Since then, the normative journey of the R2P principle has had its ups and downs. After 9/11 and the start of the “War on Terror” it was seemingly forgotten by the Western world. At the 2005 World Summit, it was unanimously endorsed by the world leaders in the outcome document. The war in Libya, an intervention that ultimately resulted in a regime change, bolstered both supporters and critics.
As we look around the world today, with the warning signs that a genocide could break out in the Central African Republic and the on-going crisis in Syria, the international community’s pledge of “never again” remains as relevant as ever. But Canada’s role as a champion of the Responsibility to Protect has grown more ambiguous, despite such compelling and urgent needs on the ground.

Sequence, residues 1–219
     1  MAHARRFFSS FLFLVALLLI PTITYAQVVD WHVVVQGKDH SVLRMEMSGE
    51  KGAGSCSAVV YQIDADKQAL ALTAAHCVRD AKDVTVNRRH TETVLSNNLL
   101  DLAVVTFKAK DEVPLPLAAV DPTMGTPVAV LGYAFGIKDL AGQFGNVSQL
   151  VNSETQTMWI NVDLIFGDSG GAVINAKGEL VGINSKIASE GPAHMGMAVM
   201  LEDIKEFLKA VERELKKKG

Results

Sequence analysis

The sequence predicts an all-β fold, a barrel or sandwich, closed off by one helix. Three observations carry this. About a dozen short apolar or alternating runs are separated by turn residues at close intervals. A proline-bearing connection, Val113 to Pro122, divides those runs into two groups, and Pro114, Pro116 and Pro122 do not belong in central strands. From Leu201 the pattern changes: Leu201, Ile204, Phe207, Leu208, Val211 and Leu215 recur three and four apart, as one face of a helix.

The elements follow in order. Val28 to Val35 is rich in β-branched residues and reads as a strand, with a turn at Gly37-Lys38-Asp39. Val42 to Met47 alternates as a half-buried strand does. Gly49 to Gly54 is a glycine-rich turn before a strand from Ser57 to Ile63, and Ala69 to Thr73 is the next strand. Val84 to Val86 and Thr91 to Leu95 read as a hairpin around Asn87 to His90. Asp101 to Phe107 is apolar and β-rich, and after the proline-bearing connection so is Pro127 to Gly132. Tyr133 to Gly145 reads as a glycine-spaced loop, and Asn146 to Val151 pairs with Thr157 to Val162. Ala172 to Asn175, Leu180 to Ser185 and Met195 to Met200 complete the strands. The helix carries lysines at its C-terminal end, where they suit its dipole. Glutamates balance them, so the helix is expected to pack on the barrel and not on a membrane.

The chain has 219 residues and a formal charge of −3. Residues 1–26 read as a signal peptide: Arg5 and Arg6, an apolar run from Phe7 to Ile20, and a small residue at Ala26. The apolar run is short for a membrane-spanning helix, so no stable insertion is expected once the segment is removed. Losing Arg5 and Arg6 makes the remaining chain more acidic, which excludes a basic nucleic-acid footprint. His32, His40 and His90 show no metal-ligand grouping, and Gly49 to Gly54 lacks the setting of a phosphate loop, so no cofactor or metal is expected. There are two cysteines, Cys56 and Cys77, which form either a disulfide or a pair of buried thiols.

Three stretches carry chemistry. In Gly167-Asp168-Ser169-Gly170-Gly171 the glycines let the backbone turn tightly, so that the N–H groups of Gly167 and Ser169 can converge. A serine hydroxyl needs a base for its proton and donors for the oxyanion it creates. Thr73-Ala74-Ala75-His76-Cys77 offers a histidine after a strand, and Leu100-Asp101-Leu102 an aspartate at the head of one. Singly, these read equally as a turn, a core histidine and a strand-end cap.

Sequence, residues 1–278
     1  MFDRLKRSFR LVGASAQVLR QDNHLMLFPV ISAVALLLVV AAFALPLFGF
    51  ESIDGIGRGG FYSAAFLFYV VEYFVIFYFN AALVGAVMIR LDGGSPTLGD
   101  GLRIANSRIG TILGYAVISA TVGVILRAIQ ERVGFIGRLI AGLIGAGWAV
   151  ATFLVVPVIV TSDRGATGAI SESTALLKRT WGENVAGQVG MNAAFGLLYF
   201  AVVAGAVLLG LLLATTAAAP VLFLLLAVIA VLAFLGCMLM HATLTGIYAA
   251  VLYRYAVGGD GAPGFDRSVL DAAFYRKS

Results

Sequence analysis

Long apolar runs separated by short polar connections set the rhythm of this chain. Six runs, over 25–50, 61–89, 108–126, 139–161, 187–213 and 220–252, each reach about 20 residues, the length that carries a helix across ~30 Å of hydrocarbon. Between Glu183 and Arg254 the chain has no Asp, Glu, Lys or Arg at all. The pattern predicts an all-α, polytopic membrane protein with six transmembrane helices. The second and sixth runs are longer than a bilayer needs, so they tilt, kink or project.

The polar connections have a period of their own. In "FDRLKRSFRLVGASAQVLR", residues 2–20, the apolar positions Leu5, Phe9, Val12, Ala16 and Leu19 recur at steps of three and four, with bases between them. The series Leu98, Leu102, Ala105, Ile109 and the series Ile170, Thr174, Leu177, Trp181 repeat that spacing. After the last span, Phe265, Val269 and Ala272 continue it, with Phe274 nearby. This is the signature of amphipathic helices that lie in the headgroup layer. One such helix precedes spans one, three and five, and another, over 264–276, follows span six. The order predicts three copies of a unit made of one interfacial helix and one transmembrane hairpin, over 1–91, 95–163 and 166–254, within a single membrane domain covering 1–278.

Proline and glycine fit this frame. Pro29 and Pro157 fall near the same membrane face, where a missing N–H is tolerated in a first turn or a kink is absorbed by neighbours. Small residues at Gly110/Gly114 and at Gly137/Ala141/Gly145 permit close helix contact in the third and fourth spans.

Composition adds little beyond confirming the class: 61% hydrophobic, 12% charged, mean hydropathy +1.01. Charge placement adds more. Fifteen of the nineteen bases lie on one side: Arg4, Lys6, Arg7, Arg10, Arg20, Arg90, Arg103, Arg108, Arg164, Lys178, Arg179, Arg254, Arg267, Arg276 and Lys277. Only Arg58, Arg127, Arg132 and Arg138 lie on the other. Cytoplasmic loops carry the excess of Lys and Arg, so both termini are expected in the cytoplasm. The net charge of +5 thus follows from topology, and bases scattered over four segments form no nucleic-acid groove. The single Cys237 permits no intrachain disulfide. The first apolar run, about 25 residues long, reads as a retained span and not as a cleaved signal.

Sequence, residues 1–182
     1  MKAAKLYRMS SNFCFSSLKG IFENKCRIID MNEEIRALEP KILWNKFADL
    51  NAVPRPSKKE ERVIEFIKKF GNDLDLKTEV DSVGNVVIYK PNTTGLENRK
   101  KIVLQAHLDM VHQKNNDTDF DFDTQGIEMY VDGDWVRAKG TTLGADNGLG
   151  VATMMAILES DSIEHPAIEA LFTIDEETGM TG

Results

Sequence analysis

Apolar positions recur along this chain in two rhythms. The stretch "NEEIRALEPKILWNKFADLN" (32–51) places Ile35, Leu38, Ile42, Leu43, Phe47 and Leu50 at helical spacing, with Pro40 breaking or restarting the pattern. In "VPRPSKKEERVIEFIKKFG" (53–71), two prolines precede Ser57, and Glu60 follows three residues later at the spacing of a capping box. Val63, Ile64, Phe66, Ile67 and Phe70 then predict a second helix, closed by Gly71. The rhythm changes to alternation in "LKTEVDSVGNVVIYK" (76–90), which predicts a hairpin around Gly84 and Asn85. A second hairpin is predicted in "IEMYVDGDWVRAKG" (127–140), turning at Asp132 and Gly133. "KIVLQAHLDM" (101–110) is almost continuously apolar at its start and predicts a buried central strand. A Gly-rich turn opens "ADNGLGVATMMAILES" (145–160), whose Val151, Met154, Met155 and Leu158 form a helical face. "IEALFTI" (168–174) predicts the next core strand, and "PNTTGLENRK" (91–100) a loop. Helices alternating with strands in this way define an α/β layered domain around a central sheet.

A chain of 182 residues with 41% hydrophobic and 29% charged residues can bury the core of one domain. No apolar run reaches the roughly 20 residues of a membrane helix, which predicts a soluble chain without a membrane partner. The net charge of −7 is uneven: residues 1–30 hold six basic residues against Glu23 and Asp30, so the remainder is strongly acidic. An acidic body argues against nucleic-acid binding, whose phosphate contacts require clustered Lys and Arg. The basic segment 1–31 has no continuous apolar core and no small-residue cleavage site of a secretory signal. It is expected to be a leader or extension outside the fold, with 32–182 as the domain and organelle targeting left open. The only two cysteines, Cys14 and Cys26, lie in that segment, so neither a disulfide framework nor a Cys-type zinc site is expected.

Throughout the month of April 2014, the Canadian Centre for the Responsibility to Protect and OpenCanada.org will be publishing reflections from prominent Canadians who have shown leadership in promoting global humanitarianism. Through this project, we hope to reflect upon the lessons learned since the Rwandan Genocide, the journey of the R2P principle, and the role that Canada can still exercise in the face of mass human atrocities around the world. While it is not intended to be an exhaustive survey, this project aims to bring together politicians, policy-makers, scholars, civil society representatives, and religious leaders to share their ideas on this important anniversary.
The Eight Lessons of Rwanda
Irwin Cotler on what we have learned in the 20 years since the Rwandan genocide.
Peacekeeping Does Not Have to Wait
Roméo Dallaire on how the international community can guarantee swift international action where civilians are under imminent threat.